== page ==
When new, the K&Ns were a status symbol of sorts, especially with an open-element air cleaner.  But as they aged and got dirty, much less of a visual plus, even just the opposite sometimes.  With a dry element, I could usually tap the heavy particles out and then reverse-blow for the rest.  Not an option on the K&N.


    Now, during the volcanic issues in the USA Northwest, K&Ns were praised for keeping emergency vehicles running as the volcanic ask would clog a dry filter in short order as the K&Ns would still flow air under those situations.  Which brigngs up an unusual situation.  In that the K&Ns seem to flow just as well when dirty or clean.


    As for effective filtration down to a certain micron particle size rating?  Don't know that I've ever seen anything on that, just that it flows better than a stock filter element.  The suspicion is that it would meet industry OEM standards, but I don't know that I've seen that statement.  Which might raise some suspicions, in that respect.  Everybody is focused on flow through the media, not specifically how small the particle size which can get through the media.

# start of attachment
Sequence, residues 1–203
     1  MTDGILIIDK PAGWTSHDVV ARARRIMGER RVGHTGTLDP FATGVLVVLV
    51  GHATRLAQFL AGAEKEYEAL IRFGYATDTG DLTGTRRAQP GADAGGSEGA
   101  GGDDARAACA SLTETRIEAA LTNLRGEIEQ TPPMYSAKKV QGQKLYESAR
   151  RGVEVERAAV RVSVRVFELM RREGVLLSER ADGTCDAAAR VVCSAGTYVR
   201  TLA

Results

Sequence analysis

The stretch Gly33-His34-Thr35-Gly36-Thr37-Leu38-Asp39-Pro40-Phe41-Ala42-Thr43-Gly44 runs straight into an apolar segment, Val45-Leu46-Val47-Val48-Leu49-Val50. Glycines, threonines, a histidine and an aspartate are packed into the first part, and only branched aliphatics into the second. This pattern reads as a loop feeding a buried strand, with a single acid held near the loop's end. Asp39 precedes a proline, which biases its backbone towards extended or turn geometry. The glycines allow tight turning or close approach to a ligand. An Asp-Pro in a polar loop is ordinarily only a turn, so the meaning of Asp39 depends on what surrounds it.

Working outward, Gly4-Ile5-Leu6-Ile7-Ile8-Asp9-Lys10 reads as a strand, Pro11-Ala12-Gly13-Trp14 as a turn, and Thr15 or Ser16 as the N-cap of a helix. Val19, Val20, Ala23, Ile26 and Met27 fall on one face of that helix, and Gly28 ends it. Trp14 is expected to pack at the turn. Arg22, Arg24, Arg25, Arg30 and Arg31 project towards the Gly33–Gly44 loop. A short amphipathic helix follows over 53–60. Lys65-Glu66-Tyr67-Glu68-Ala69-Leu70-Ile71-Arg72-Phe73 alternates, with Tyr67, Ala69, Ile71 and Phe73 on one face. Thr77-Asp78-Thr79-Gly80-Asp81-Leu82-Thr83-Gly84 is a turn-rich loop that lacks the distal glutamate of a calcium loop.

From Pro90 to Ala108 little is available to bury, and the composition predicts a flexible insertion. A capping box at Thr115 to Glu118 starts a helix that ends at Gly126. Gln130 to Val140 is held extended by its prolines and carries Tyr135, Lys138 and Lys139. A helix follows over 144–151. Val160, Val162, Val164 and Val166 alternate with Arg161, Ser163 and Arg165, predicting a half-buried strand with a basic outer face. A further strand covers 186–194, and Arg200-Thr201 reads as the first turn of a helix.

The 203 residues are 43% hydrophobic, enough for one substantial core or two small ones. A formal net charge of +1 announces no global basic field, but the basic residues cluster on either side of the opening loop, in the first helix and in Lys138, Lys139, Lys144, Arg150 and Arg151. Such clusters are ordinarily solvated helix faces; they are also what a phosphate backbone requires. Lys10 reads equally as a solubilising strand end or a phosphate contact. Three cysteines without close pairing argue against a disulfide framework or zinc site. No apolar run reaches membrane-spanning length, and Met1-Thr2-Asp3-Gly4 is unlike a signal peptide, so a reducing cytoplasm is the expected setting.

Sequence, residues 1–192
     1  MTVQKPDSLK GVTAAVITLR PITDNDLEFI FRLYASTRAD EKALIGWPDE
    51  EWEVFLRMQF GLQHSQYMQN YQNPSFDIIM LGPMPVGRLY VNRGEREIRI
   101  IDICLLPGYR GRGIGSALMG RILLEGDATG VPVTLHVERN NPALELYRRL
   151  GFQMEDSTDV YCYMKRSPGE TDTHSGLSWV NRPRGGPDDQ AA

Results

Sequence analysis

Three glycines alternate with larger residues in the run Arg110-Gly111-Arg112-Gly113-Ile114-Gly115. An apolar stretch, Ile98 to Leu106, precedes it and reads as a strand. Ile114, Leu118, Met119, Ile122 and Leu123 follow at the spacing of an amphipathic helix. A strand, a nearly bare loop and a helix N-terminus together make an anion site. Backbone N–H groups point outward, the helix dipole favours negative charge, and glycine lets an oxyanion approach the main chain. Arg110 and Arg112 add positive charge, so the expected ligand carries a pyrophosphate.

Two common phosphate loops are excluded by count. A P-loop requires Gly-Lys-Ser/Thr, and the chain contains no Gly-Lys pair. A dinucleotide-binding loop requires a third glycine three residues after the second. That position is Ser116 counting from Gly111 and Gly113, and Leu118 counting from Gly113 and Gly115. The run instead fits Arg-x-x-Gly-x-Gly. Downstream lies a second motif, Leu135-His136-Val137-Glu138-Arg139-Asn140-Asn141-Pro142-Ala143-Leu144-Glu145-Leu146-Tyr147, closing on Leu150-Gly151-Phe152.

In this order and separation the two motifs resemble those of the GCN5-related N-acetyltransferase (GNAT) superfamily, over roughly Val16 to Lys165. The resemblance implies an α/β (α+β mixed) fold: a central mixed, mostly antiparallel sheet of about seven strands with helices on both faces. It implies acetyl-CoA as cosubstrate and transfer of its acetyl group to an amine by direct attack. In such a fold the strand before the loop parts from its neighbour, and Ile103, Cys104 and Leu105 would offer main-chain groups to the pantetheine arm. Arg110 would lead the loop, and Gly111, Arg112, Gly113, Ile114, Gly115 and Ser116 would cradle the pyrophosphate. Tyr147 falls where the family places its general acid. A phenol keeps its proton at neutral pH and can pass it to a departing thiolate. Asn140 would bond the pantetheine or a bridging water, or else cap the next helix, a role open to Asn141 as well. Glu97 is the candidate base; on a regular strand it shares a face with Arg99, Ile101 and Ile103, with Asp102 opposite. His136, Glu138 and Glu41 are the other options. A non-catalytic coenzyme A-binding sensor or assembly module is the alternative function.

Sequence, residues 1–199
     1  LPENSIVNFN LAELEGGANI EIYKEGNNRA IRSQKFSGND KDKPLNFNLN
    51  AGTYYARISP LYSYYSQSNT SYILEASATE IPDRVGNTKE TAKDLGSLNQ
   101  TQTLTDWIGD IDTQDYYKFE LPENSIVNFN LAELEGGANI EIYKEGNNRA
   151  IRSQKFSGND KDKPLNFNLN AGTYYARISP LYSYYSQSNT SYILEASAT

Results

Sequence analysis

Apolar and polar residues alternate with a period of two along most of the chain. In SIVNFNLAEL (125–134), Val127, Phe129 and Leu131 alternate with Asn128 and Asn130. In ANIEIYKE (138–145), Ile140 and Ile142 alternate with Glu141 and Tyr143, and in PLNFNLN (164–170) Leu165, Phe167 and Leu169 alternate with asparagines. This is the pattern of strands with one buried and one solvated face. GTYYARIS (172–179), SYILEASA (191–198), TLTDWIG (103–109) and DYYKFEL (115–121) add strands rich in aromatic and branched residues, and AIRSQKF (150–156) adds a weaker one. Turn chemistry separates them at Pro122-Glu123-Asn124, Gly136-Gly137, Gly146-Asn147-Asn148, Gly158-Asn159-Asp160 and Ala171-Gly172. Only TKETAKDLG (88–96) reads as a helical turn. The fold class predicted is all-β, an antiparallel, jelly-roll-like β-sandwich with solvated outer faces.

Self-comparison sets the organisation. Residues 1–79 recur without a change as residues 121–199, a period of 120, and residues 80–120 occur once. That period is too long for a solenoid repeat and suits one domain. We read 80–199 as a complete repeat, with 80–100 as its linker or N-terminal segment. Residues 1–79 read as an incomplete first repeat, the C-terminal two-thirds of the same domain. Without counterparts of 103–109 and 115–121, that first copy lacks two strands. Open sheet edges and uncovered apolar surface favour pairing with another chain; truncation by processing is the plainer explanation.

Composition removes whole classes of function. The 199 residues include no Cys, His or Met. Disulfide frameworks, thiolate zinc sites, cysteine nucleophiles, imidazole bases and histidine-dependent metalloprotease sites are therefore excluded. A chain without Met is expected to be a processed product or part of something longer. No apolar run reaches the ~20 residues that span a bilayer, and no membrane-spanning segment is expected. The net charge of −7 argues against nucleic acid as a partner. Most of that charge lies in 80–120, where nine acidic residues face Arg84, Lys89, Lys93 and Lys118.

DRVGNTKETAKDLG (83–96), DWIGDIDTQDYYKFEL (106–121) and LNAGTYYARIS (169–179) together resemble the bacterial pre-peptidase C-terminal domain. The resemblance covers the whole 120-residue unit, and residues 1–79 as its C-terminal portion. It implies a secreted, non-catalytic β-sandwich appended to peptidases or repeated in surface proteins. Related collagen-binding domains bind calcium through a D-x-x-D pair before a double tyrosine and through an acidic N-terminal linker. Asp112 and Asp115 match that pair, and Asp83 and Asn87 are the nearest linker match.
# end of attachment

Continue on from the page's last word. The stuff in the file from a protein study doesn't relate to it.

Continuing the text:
In an open-element air cleaner housing, that's one thing.  In an air filter "case", with several possible twists/turns/turbulance to deal with, probably not much improvement in real airflow.  Chrysler and a few others had flow director baffles at the inner snorkle area to direct airflow around the air cleaner's innards before it gets to the filter element.  Many others have just a straight shot to the element, which builds its own flow director baffle ON the element itself, with time.  Many issues in this area, it seems, once I thought about it.


    For a reasonably stock engine, to me, the added maintenance issues with the K&N ended up not being nearly as much fun as it was to own a K&N.  When a value-priced Motorcraft filter (with a known OEM-spec filter media) would work just as well for less money and "involvement of ownership", plus purchasing their spray cans of oil and spray de-greaser/cleaner.  I kind of doubt that anybody has ever tested their Million Mile Warranty, as a result.